I’ve noticed lately that people have been talking about the status of FIRST world champs going into 2021. Some people have suggested that FRC could switch to a Super Regional system in the future instead of 2champs, but others are concerned about how much this system would cost FRC teams (source: FTC Super Regionals & their effect on FRC)
Anyways, I have an idea for a competition model that could work like a super regional system but would (hopefully) be a bit more cost-effective for teams. It’s not very well fleshed out, but I wanted to see what y’all think of it.
I call it the Super District System! Here’s how it might work…
EVERYONE in FRC moves to a district system. However, districts are rearranged so that each district contains roughly the same number of teams. For example, FIM could stay the same due to its high team density, while Ontario, Quebec, and the northeastern US states like New York and Ohio could form a northeaster super-district. This would hopefully keep events cost-effective for the majority of FRC teams.
Teams compete within the super-districts like any normal district system, but each district’s championship event would be FIM-sized and could be like mini-world championships. For example, each district champs could have its own innovation faire, scholarship row, ect.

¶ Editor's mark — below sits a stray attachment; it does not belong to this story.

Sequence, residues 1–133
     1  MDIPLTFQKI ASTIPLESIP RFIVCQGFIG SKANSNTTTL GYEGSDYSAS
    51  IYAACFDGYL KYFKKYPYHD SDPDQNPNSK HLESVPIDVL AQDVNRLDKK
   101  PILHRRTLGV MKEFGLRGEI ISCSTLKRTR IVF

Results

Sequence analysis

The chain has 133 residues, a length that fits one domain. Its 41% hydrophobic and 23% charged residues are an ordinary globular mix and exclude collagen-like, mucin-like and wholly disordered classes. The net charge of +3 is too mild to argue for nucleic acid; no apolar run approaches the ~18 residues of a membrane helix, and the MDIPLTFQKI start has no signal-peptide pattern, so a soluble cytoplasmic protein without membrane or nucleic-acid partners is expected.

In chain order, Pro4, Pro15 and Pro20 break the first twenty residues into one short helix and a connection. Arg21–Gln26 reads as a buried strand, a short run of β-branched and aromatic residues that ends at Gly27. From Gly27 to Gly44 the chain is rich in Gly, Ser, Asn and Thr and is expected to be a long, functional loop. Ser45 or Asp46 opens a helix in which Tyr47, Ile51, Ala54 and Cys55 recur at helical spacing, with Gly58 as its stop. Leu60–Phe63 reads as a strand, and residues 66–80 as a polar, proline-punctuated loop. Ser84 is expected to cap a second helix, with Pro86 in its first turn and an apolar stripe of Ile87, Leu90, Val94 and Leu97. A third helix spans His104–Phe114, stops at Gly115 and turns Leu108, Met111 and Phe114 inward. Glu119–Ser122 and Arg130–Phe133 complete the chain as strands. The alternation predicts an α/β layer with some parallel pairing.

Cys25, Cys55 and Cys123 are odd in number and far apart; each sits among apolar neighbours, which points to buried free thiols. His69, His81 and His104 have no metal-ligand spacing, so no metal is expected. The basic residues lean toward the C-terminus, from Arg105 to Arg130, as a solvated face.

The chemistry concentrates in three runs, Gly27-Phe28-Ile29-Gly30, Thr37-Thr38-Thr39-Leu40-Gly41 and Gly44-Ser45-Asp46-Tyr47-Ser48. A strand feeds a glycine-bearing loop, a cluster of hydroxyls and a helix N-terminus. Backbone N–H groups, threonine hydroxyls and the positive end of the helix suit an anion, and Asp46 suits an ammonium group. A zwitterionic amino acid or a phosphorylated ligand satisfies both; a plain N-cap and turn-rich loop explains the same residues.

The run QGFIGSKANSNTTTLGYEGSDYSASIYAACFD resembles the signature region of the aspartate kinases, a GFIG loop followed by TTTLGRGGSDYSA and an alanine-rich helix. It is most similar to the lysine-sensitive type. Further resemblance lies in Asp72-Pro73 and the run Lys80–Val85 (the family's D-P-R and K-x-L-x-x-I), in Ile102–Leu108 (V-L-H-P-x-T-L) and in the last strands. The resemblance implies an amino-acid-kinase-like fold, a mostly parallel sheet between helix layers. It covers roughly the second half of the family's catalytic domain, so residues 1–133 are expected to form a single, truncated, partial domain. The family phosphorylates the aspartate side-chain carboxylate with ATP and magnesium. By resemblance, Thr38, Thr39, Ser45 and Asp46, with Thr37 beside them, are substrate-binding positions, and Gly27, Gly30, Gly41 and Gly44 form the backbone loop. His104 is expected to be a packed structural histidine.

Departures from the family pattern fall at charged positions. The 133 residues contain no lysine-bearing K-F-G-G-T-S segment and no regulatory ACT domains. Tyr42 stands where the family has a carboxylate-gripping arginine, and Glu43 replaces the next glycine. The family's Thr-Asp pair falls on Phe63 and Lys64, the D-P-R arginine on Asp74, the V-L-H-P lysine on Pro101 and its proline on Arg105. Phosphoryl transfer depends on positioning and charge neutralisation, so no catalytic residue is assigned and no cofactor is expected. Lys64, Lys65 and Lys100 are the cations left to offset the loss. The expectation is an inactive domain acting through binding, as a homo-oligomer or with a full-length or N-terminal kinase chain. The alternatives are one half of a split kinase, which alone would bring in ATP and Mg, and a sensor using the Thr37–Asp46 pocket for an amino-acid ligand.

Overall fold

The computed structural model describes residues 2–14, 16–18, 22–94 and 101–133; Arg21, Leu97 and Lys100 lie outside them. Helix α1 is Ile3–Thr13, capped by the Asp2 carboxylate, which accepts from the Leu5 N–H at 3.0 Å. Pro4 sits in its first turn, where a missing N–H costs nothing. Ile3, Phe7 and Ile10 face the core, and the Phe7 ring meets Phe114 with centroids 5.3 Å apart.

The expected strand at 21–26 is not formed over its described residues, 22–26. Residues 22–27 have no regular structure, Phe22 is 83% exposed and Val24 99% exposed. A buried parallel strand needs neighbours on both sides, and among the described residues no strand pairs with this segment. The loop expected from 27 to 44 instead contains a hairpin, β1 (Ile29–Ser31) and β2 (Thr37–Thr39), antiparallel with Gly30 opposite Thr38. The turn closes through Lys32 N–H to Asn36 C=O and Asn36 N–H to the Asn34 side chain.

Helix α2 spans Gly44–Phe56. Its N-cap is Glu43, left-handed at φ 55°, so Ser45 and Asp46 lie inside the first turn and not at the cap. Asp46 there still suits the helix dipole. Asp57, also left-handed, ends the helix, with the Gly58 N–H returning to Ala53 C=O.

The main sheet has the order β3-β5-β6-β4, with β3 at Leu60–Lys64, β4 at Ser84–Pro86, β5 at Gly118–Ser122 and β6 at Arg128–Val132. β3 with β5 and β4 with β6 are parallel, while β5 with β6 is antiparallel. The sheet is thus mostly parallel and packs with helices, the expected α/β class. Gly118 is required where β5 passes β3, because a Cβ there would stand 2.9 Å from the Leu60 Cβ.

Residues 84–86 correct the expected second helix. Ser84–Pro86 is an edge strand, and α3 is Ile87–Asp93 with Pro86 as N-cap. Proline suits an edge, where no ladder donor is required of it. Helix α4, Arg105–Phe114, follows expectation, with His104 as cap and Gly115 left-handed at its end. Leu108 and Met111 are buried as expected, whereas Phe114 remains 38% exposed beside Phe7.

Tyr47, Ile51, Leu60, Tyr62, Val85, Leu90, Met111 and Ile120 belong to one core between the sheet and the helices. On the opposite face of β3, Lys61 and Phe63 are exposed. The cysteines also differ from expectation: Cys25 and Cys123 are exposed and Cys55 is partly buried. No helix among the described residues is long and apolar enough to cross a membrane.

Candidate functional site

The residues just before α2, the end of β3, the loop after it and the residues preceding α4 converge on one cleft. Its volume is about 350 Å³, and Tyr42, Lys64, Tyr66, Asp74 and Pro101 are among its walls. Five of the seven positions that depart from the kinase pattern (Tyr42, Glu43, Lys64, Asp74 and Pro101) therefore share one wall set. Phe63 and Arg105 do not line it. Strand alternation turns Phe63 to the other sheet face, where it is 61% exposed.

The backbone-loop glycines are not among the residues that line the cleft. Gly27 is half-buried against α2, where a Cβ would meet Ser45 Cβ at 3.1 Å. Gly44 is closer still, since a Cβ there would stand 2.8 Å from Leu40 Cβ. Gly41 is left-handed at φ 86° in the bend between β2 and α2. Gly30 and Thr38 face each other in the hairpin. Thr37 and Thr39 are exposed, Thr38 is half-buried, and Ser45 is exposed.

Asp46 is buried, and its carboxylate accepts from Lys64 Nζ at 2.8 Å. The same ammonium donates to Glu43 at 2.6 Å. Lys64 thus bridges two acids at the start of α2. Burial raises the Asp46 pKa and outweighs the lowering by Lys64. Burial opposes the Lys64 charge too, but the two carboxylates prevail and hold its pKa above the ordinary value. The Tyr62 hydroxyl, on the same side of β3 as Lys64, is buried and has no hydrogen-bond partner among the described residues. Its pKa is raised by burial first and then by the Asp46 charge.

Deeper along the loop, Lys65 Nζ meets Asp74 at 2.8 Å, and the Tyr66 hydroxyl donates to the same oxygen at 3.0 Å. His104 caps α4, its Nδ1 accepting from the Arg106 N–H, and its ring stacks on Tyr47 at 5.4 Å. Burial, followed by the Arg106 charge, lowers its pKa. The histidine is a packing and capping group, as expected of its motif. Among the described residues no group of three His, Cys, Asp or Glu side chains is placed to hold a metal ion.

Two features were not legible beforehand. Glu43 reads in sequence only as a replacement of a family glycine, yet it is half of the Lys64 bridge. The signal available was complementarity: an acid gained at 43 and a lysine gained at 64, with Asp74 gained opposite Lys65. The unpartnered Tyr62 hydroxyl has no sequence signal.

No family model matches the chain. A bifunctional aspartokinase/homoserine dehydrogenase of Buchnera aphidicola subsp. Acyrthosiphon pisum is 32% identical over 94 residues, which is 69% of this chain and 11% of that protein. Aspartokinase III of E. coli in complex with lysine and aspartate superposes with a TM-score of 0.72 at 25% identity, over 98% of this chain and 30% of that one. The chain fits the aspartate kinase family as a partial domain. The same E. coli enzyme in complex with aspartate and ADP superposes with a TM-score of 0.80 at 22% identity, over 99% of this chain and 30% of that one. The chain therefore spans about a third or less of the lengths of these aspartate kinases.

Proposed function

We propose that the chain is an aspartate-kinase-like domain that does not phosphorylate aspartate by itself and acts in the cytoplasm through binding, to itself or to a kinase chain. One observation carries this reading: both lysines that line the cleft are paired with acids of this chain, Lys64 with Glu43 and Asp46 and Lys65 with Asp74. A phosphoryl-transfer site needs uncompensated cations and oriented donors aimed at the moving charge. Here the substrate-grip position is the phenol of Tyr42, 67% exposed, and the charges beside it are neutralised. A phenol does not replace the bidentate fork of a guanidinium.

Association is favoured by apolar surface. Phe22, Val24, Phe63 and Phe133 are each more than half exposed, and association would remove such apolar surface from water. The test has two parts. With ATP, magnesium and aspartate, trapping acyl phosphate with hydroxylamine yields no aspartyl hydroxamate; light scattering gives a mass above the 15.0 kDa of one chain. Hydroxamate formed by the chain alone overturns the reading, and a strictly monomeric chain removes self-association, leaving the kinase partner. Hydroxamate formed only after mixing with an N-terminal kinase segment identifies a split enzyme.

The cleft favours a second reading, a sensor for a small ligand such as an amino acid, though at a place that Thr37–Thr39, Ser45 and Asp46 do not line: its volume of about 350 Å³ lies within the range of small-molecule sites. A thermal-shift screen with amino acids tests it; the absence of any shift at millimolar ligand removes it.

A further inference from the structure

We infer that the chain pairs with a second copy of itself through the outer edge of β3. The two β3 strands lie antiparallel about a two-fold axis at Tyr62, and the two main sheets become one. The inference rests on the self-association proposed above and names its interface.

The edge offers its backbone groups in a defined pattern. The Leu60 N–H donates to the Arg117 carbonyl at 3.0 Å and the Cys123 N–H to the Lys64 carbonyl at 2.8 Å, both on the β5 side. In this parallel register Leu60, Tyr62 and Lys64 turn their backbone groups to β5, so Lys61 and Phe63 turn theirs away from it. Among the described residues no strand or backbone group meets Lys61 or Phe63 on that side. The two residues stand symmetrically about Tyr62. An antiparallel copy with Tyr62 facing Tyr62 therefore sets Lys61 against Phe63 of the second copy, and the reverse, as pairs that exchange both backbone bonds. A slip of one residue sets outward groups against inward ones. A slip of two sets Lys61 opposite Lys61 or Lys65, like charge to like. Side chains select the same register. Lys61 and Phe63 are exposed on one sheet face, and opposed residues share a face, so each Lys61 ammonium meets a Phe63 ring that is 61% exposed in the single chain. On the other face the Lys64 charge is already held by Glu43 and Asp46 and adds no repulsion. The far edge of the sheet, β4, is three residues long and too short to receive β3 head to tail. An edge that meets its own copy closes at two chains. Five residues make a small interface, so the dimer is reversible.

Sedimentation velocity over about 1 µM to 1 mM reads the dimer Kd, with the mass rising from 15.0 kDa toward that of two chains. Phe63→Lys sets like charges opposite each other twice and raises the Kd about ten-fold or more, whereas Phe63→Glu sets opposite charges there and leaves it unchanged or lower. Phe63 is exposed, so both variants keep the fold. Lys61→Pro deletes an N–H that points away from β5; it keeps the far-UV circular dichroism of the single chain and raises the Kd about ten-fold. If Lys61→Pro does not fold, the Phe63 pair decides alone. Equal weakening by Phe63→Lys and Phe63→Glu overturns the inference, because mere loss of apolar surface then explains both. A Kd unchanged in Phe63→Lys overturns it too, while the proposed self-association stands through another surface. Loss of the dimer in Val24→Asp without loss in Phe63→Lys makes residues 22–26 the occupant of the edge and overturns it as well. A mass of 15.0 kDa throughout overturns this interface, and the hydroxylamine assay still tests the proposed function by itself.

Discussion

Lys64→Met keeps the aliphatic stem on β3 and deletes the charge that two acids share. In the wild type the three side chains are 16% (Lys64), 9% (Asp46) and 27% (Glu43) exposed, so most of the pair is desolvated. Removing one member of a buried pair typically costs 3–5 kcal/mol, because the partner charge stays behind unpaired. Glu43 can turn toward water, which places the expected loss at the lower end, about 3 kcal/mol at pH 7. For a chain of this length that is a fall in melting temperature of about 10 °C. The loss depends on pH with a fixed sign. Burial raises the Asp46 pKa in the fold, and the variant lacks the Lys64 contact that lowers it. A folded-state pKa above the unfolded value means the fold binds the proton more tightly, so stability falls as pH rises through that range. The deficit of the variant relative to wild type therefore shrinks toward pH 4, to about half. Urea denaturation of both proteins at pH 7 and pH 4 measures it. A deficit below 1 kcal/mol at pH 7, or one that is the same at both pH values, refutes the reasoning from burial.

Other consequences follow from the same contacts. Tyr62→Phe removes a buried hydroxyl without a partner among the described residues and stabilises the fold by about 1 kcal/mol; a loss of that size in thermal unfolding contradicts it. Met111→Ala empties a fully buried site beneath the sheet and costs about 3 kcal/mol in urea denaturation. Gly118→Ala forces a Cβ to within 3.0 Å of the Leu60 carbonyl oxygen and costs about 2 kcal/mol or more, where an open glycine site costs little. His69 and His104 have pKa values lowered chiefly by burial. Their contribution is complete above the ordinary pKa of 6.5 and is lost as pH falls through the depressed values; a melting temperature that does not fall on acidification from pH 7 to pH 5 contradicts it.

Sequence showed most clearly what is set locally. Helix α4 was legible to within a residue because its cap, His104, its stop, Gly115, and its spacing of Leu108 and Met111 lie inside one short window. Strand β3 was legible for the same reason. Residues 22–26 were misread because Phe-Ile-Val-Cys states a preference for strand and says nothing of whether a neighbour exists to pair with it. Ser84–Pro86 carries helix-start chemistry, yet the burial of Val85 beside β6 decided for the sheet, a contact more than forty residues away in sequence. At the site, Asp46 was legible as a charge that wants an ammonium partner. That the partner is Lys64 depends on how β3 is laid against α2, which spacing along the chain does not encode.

Finally, world champs becomes a more exclusive and competitive event like IRI but still stays large (i.e, on the scale of 300-500 teams). I know this isn’t a great compromise, and it means more teams won’t be able to have the real world champs experience, but it’s the best compromise I can think of right now.
Anyways, that’s how a super district system might work. I have no clue if a system like this would work, but if there’s any issues or critiques you might have with this competition setup, feel free to let me know!
Unfortunately for this model (particularly bullet 1 sentence 2), most districts are inherently state-wide, nation-wide, or a limited number of states by the way they are organized. FIRST has encouraged this all along, and in many (most?) cases the state(s) themselves or state-defined educational or athletic organizations provide topcover if not actual implementation.
You must also consider countries with very few teams (e.g. UK). Do they form a district with other low density countries?
On one hand traveling to a centralized location in Europe would be more cost effective than traveling to…Orlando.
Districts are run by a partnering organization (aka another non-profit), no FIRST itself. That’s why they’re typically restricted in scope - it’s easier for a non-profit to operate in one (or a few) states than it is many. Those partner organizations aren’t in place in many areas, and would pose a big impediment towards creating such a system.
You also have the difficulty of increasing the number of events in the areas that are currently regoinals. Finding venues, sponsors to pay for the events, volunteers to run them… that’s a huge undertaking that can’t be done everywhere, all at once, overnight.
I imagine you could potentially keep existing districts intact under a super district system, but that kinda kills the idea of “mini-championships”, and it doesn’t help out other regions scrambling to find resources.
Either way, I do not envy the job that FIRST HQ has when it comes to accommodating the growing number of FIRST teams.